Studies on inter- and intraobserver reliability of classifications for radius distal fractures have presented a wide range of reliability rates.6,13-18 Studies assessing specific parameters such as step and diastasis have also presented conflicting results.5,7,9,19 Most studies assessing reliability on classifications of radius distal fractures involve the use of plain X-ray images only. Few studies use computed tomography images for this kind of assessment.6,8,20 In Brazil, we didn't find any interobserver reliability study for Universal and AO classifications using computed tomography images, according to our search on Pubmed, Lilacs and Embase databases with the keywords classification, tomography and radius.
The purpose of this study is to investigate interobserver reliability for AO and Universal classifications using plain X-ray and computed tomography images on patients with radius distal third fractures.
MATERIALS AND METHODS
We captured X-ray and tomography images of 21 adult patients of both genders with radius distal fractures. Only patients with acute fractures not previously treated were included. X-ray images were taken at anteroposterior and lateral planes, while tomography images were captured at sagittal, coronal and axial planes. The images were evaluated by five 3rd year resident Orthopaedic and Traumatology doctors. Fractures were first classified from the X-ray images preventing patient identification and at random order. Then, fractures were classified based on tomography images, also without any patient identification and at random order, so that the observer could not associate X-ray images with tomography images. The AO classification (Chart 1) and Universal classification (Chart 2) were used in this study.21,22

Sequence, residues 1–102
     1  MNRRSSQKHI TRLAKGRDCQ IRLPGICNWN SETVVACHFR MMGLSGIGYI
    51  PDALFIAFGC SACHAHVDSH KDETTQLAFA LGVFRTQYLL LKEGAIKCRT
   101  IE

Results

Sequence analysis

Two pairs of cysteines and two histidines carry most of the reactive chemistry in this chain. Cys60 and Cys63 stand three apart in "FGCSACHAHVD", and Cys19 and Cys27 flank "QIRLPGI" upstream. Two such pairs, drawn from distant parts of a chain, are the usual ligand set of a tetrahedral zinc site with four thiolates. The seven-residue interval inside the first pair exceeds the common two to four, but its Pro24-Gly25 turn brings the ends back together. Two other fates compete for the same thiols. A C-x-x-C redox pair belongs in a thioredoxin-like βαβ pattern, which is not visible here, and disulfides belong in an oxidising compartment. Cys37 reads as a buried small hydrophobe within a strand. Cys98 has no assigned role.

The AO classification was assessed by stratification. For this, we defined three detail levels: first level corresponding to types A, B or C, that is, it seeks to assess the reproducibility of classification when an observer only needs to determine if the fracture is extra-joint, partially intra-joint or fully intra-joint; the second level corresponds to the 9 subtypes from A1 to C3, while the third level is represented by the full classification, with its 27 sub-items: from A1.1 to C3.3. (Chart 1)
These data were assessed by using the Kappa statistical method. The Kappa coefficient is employed to assess consistency between observers, subtracting the consistency that would be attributed to fate. The interpretation of values was made as recommended by Landis and Koch23 and as all studies employing Kappa coefficient addressing the topic have used. Kappa values above 0.8 indicate an excellent consistency; between 0.61 and 0.8, a good reproducibility; between 0.41 and 0.60, moderate reproducibility/ between 0.21 and 0.4, low reproducibility; while between zero and 0.2, a poor reproducibility. Negative values represent inconsistency.